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Reviewed by:
  • The Oxford Handbook of Spinoza ed. by Michael Della Rocca
  • Michael LeBuffe
Michael Della Rocca, editor. The Oxford Handbook of Spinoza. Oxford: Oxford University Press, 2017. pp. xvi + 687. Cloth. $150.00.

Della Rocca's edited volume offers notable contributions to our understanding of Spinoza and his place in the history of philosophy. It will be a valuable resource for students and scholars alike. Its twenty-seven chapters are impossible to survey in a short review. I will focus here on a few exceptional entries.

Among essays that introduce students to particular topics, Yitzhak Melamed's account of the central notions of Spinoza's metaphysics and Rebecca Newberger Goldstein's contribution on Spinoza's influence on literature stand out. Although there are a number of introductions to substance, attributes, and modes, Melamed has produced here a historically nuanced, philosophically sophisticated, yet still accessible essay, which should [End Page 755] be the first resource for students working to gain a better understanding of the Ethics. Goldstein's contribution is not comprehensive. A discussion of Spinoza's influence on Percy Bysshe Shelly and Mary Shelley, a source of many interesting questions, and currently a focus of an Australian Research Council project, "Spinoza and Literature for Life," would have been welcome. However, Goldstein's discussions of Melville, Eliot, and Borges are sophisticated, detailed, and admirably clear. For students interested in these authors, the essay is an excellent starting point.

Two essays build upon recent books, developing strong arguments for controversial theses. Ursula Renz offers a strikingly original account of Spinoza's conception of finite minds. Frequently, the search for a principle of individuation for finite things in Spinoza focuses on body and the striving for perseverance, especially, of composite bodies like our own. Renz emphasizes, instead, the unity of finite subjects of experience, and defends consequences of this view for Spinoza's metaphysics of mind including, notably, the difference between ideas in a human mind and ideas in God's mind. Omri Boehm defends his contention that Spinoza, not Leibniz, is the target of Kant's third antinomy. His detailed critical investigation of the third antinomy in the first section of the essay (486–501) deserves careful study.

Karolina Hübner, John Carriero, and Don Garrett contribute essays that significantly advance the scholarly debate about teleology in Spinoza. Hübner offers the strongest general case I have read against finding teleology in Spinoza. Spinoza's necessitarianism and his sustained attack on final causes in Ethics 1 Appendix require, Hübner argues, deflationary accounts of striving, will, desire, and value judgment, which Spinoza presents notably at Ethics 3p9s and 3p39s: effectively, we judge good just what we want or find pleasant. Such a view constrains greatly the ethics of the Ethics. This, though, is partly Hübner's point: she presents Spinoza's ethics as an account of what can be truly known about morality once we have genuine knowledge of God and nature. As an argument concerning the ordinary use of value terms (Hübner does not consider the formal definitions that open Ethics 4), the case is convincing.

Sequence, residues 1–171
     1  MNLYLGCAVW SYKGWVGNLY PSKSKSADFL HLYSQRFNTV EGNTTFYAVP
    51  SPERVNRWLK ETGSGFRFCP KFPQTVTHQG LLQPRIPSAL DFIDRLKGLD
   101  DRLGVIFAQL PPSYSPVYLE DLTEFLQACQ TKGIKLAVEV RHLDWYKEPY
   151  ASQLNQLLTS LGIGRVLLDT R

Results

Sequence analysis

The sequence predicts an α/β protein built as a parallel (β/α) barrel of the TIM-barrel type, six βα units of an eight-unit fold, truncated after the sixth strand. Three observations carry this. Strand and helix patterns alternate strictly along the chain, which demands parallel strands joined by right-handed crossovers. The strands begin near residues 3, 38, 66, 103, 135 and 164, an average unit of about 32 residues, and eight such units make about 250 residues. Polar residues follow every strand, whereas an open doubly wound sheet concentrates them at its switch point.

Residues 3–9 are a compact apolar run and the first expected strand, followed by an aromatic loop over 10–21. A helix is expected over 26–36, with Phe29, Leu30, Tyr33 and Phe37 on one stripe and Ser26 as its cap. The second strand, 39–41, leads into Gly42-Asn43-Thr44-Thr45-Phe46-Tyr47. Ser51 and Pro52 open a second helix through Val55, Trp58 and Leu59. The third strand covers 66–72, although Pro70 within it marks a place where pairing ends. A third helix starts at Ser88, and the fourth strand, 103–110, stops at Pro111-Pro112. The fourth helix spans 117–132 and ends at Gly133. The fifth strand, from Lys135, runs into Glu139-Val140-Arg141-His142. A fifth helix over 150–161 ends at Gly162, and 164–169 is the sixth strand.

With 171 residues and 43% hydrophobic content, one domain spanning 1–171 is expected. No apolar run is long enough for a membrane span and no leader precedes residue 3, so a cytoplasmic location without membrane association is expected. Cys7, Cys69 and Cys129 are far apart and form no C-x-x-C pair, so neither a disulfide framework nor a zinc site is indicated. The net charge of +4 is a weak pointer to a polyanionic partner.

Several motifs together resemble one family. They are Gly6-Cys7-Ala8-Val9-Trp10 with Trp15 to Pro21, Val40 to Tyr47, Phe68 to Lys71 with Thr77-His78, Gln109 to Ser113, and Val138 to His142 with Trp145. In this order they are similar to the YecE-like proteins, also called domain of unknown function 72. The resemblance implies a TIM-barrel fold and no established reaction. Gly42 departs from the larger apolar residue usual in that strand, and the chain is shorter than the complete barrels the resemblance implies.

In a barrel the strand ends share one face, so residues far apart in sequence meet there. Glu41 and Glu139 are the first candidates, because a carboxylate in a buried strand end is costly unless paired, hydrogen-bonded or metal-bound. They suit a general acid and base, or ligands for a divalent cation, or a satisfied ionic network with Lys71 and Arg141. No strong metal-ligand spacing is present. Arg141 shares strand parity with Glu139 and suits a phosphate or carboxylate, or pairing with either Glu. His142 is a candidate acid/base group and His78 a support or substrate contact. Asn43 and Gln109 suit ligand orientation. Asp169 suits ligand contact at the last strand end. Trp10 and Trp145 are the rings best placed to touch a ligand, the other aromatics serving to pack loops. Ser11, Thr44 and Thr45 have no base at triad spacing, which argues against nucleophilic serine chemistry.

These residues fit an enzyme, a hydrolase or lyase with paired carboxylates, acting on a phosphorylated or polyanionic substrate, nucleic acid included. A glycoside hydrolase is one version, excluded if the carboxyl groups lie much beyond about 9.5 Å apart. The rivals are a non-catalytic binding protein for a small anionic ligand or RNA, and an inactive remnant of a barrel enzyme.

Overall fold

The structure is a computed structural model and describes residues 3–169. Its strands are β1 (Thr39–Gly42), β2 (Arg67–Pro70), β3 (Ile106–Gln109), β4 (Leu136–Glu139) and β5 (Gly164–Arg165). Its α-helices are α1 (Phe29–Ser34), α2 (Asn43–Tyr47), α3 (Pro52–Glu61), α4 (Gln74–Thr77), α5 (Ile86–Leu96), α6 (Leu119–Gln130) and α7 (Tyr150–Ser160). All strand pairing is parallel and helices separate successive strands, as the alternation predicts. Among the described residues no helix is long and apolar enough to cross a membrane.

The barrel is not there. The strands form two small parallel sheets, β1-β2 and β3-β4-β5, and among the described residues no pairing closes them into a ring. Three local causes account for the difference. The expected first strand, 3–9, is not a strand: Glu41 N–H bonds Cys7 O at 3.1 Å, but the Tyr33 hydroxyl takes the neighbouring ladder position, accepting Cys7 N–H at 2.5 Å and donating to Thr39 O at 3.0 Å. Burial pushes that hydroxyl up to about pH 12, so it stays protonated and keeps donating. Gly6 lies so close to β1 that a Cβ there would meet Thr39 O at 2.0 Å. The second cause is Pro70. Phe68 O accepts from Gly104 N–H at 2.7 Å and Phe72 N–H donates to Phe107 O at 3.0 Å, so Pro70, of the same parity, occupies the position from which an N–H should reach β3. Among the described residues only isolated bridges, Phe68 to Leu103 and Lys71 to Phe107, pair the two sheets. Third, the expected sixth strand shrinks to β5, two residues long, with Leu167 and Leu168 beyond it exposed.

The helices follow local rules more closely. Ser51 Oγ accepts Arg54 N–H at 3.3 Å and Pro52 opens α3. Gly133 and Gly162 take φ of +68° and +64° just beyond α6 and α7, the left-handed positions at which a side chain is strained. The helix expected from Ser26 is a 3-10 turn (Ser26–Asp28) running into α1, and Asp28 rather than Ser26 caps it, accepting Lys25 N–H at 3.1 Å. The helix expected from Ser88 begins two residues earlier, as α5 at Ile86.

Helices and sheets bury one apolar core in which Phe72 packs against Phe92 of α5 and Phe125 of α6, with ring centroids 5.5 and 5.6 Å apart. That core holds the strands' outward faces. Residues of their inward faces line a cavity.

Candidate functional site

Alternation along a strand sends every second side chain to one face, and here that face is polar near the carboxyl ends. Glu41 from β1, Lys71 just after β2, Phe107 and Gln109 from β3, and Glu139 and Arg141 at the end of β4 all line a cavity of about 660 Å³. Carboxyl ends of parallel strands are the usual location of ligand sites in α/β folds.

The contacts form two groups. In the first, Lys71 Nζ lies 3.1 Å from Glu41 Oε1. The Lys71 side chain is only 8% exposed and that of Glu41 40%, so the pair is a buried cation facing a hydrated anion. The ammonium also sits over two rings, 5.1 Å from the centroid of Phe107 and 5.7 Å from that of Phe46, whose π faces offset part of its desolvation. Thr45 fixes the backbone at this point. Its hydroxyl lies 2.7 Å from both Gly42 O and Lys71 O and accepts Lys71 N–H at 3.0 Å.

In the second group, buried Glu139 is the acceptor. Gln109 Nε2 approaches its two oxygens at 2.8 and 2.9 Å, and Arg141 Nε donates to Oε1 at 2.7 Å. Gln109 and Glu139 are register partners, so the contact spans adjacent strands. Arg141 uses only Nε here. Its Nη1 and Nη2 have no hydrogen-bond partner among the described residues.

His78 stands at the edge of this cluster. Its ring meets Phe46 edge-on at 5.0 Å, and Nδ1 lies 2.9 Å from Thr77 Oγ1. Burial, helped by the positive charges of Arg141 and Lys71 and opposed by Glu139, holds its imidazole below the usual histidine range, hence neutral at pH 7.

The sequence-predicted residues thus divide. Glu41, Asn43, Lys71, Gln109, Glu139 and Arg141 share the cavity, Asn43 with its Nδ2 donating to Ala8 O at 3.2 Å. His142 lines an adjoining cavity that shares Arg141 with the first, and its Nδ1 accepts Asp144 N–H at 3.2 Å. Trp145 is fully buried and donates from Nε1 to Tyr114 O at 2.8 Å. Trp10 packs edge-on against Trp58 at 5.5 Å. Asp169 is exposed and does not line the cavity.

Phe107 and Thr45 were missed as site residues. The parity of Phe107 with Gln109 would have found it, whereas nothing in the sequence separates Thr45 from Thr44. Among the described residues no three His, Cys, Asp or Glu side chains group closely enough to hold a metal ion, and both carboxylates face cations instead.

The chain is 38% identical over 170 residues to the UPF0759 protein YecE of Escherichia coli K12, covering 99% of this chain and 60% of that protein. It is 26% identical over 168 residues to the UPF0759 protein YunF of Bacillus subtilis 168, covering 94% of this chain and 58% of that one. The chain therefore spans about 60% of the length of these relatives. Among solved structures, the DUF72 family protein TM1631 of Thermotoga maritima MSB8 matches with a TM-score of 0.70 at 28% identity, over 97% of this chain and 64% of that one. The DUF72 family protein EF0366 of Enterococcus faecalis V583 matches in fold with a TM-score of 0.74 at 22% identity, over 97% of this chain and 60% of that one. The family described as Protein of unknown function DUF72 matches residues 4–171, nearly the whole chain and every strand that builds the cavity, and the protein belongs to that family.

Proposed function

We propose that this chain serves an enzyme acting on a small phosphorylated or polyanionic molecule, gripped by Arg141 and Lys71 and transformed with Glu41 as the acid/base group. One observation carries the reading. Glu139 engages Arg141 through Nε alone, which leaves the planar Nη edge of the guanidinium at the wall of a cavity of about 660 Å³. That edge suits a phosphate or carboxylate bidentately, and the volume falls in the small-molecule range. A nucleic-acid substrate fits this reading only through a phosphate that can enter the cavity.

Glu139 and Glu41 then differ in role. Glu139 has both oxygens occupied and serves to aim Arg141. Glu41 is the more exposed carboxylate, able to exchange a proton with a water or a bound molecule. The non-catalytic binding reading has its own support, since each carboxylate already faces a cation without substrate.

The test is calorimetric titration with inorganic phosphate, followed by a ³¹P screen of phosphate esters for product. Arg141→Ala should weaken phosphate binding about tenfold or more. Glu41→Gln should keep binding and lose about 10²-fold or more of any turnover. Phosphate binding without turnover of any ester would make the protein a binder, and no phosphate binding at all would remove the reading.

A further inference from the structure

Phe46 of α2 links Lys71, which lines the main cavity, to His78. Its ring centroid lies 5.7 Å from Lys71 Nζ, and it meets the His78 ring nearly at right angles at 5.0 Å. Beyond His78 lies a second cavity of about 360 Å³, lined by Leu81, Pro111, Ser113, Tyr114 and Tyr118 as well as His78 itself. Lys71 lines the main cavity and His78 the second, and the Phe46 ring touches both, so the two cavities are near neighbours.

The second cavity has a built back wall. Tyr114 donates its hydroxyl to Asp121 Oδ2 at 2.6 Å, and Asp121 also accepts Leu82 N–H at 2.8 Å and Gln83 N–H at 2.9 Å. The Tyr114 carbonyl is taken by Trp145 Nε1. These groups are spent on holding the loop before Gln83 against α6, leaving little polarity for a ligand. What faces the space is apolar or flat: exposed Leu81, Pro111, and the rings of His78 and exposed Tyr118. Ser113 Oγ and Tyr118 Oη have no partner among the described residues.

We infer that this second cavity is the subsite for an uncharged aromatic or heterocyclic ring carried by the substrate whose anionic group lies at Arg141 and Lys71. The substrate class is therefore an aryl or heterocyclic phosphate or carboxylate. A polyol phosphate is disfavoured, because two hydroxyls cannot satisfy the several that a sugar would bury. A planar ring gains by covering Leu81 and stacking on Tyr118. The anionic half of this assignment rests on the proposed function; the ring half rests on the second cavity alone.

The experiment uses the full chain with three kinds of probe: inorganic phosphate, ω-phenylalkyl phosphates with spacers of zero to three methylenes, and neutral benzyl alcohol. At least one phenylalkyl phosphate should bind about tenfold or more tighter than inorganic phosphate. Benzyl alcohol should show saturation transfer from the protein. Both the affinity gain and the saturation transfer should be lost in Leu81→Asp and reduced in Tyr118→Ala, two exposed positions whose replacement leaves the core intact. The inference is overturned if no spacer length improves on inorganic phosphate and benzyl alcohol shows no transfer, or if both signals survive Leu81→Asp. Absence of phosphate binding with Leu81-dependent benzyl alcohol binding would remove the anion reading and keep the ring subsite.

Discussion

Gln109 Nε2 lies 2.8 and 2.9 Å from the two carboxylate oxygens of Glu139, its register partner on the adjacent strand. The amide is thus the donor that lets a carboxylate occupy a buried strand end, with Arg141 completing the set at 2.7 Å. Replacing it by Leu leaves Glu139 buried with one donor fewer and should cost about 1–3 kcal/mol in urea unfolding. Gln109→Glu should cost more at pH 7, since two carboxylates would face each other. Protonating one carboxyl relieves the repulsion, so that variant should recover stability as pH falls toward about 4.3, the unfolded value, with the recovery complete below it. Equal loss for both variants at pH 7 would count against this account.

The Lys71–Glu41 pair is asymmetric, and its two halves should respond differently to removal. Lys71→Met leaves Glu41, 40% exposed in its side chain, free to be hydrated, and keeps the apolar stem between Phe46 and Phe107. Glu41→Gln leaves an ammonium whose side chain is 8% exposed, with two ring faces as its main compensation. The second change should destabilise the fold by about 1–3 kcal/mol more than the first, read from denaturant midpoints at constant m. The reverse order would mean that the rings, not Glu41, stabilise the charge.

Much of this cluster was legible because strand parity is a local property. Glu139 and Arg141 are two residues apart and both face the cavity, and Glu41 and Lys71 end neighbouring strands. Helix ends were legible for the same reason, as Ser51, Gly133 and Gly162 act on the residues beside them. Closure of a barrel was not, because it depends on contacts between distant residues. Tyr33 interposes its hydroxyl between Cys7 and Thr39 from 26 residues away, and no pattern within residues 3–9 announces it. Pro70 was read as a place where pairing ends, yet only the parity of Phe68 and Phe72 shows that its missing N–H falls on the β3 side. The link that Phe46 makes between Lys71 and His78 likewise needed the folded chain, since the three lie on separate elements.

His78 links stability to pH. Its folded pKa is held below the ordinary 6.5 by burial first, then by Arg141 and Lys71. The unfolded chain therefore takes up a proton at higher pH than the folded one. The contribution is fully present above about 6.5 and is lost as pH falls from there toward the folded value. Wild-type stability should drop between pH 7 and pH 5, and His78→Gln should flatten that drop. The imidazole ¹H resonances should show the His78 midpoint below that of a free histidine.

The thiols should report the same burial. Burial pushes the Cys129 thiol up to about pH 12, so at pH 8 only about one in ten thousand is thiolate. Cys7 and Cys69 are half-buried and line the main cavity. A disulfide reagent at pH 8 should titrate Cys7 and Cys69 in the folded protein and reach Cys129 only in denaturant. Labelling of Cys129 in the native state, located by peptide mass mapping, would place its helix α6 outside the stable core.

Carriero's clear and careful essay on perfection in Spinoza complements Hübner's more general discussion. In the tradition that Spinoza responds to, perfection invokes an end: the closer we are to the end, the more perfect we are. Carriero argues that Spinoza offers a non-teleological conception of perfection, on which activity and reality, understood in terms of efficient causation, replace traditional Aristotelian and Thomistic conceptions.

Don Garrett's essay pushes readers in the other direction. Garrett points to an area outside of moral philosophy in which one might find teleology to be essential to the Ethics: it can help us to understand puzzles about Spinoza's theory of perception. For example, a long-standing puzzle, which Garrett credits to Margaret Wilson, concerns sensation. On Spinoza's theory of imagination, a given corporeal image is the product of the body and the external cause with which it interacts. So, suppose that Paul sees Peter: the image of Peter will be the product of the external cause, Peter, and the body, principally the eye and brain perhaps, of Paul. We ought...


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